The media played right into it turning Clinton — one of the most qualified candidates to ever run for the office — appear just as unworthy of the presidency as Trump, a vulgar, politically-inexperienced pathological liar.

The controversy surrounded Clinton's use of a private email account in which over 30,000 emails were sent during her time as Secretary of State from 2009 to 2013. An FBI interrogation found there were 110 confidential emails sent from her private account.

Clinton was never criminally charged, however FBI director James Comey said she was "extremely careless."

Keep Reading Show less
Democracy

Young people today are facing what seems to be greater exposure to complex issues like mental health, bullying, and youth violence. As a result, teachers are required to be well-versed in far more than school curriculum to ensure students are prepared to face the world inside and outside of the classroom. Acting as more than teachers, but also mentors, counselors, and cheerleaders, they must be equipped with practical and relevant resources to help their students navigate some of the more complicated social issues – though access to such tools isn't always guaranteed.

Take Dr. Jackie Sanderlin, for example, who's worked in the education system for over 25 years, and as a teacher for seven. Entering the profession, she didn't anticipate how much influence a student's home life could affect her classroom, including "students who lived in foster homes" and "lacked parental support."

Dr. Jackie Sanderlin, who's worked in the education system for over 25 years.

Valerie Anglemyer, a middle school teacher with more than 13 years of experience, says it can be difficult to create engaging course work that's applicable to the challenges students face. "I think that sometimes, teachers don't know where to begin. Teachers are always looking for ways to make learning in their classrooms more relevant."

So what resources do teachers turn to in an increasingly fractured world? "Joining a professional learning network that supports and challenges thinking is one of the most impactful things that a teacher can do to support their own learning," Anglemyer says.

Valerie Anglemyer, a middle school teacher with more than 13 years of experience.

A new program for teachers that offers this network along with other resources is the WE Teachers Program, an initiative developed by Walgreens in partnership with ME to WE and Mental Health America. WE Teachers provides tools and resources, at no cost to teachers, looking for guidance around the social issues related to poverty, youth violence, mental health, bullying, and diversity and inclusion. Through online modules and trainings as well as a digital community, these resources help them address the critical issues their students face.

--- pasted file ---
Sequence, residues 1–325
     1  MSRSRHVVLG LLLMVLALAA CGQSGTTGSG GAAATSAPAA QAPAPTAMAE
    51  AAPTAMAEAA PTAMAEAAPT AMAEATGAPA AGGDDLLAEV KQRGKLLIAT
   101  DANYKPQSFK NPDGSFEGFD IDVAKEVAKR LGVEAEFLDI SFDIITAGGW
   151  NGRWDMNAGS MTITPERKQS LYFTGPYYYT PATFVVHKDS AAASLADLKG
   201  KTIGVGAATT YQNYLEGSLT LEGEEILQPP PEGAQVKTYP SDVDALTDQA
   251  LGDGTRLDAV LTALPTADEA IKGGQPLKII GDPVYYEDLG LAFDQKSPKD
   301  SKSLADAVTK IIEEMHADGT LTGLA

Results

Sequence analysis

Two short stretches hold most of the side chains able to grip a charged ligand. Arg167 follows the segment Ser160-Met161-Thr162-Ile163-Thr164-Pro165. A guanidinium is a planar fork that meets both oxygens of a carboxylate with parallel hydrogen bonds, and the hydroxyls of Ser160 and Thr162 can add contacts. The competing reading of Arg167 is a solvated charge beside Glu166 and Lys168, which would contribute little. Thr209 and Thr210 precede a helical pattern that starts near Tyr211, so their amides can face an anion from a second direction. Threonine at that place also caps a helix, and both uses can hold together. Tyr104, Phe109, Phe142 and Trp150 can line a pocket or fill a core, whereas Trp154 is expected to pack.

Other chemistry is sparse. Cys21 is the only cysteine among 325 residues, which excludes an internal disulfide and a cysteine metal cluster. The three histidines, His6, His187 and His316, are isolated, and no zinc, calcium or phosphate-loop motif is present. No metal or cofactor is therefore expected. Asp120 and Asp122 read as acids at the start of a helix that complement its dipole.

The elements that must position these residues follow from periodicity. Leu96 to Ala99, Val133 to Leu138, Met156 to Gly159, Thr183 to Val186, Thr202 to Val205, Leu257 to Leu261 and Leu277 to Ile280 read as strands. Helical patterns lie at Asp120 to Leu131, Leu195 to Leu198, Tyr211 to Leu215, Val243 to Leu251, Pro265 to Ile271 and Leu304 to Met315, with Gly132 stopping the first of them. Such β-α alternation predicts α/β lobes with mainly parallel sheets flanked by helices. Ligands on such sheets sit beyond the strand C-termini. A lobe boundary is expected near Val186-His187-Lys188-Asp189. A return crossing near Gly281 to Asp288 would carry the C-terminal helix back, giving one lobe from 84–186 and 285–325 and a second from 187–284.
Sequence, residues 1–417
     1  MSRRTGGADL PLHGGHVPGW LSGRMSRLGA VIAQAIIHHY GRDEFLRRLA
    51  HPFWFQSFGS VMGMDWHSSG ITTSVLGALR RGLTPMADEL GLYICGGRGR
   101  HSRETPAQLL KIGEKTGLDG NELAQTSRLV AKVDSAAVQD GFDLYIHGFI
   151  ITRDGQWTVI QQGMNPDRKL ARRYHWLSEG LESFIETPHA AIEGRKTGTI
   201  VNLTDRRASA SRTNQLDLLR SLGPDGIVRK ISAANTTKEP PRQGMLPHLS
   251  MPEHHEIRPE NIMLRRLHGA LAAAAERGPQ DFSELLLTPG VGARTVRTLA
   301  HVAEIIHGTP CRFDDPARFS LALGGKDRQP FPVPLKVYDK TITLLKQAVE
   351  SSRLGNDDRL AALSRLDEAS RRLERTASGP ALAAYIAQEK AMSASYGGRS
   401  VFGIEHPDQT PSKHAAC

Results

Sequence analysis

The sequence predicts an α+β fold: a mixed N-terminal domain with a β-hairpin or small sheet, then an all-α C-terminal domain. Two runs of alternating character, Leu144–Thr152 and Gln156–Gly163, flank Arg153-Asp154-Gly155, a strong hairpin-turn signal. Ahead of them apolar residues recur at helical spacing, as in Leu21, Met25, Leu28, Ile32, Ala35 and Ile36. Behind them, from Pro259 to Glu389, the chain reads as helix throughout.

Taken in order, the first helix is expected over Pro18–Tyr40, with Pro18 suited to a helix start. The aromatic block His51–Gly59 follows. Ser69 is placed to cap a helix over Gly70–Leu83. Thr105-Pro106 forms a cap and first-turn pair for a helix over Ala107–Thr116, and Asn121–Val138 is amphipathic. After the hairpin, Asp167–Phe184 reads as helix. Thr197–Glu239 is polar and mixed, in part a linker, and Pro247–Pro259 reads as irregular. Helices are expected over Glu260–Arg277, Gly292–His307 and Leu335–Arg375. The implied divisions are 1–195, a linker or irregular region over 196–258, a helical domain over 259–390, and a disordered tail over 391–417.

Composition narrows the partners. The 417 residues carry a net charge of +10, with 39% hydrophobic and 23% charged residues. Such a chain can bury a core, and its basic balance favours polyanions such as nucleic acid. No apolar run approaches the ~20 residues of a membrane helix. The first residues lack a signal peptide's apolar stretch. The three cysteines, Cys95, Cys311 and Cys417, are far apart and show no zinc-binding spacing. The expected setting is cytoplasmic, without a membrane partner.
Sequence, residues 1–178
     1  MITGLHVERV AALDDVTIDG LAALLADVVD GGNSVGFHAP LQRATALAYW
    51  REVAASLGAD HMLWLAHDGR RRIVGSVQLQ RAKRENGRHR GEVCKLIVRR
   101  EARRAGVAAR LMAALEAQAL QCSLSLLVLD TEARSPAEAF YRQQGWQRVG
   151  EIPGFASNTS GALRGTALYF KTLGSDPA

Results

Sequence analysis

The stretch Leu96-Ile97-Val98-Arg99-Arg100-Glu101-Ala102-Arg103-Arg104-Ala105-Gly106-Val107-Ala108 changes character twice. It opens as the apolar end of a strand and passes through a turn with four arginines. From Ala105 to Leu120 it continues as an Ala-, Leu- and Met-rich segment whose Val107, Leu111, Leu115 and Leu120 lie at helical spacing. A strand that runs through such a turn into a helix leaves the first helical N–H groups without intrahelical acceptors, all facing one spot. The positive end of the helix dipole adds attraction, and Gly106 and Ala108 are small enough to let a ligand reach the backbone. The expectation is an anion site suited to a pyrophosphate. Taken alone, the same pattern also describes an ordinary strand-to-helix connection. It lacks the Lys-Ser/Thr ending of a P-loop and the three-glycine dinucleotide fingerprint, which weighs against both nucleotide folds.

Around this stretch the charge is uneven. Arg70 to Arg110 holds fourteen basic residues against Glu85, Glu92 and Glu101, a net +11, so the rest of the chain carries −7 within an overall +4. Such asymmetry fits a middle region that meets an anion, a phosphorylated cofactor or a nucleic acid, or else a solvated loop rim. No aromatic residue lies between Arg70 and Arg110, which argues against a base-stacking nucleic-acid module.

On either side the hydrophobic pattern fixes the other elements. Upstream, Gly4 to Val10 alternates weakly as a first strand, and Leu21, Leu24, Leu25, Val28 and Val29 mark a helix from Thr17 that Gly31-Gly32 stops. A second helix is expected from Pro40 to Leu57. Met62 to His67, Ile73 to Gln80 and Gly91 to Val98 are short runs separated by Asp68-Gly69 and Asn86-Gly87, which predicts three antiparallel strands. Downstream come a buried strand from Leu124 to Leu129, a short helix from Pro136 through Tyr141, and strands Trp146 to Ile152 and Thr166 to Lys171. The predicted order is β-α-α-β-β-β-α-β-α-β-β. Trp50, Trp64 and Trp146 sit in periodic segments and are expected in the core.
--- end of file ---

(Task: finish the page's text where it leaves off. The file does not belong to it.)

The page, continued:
Jessica Mauritzen, a high school Spanish teacher, credits a network of support for providing her with new opportunities to enrich the learning experience for her students. "This past year was a year of awakening for me and through support… I realized that I was able to teach in a way that built up our community, our school, and our students, and supported them to become young leaders," she says.

With the new WE Teachers program, teachers can learn to identify the tough issues affecting their students, secure the tools needed to address them in a supportive manner, and help students become more socially-conscious, compassionate, and engaged citizens.

It's a potentially life-saving experience for students, and in turn, "a great gift for teachers," says Dr. Sanderlin.

"I wish I had the WE Teachers program when I was a teacher because it provides the online training and resources teachers need to begin to grapple with these critical social issues that plague our students every day," she adds.

In addition to the WE Teachers curriculum, the program features a WE Teachers Award to honor educators who go above and beyond in their classrooms. At least 500 teachers will be recognized and each will receive a $500 Walgreens gift card, which is the average amount teachers spend out-of-pocket on supplies annually. Teachers can be nominated or apply themselves. To learn more about the awards and how to nominate an amazing teacher, or sign up for access to the teacher resources available through WE Teachers, visit walgreens.com/metowe.

WE Teachers
True
Walgreens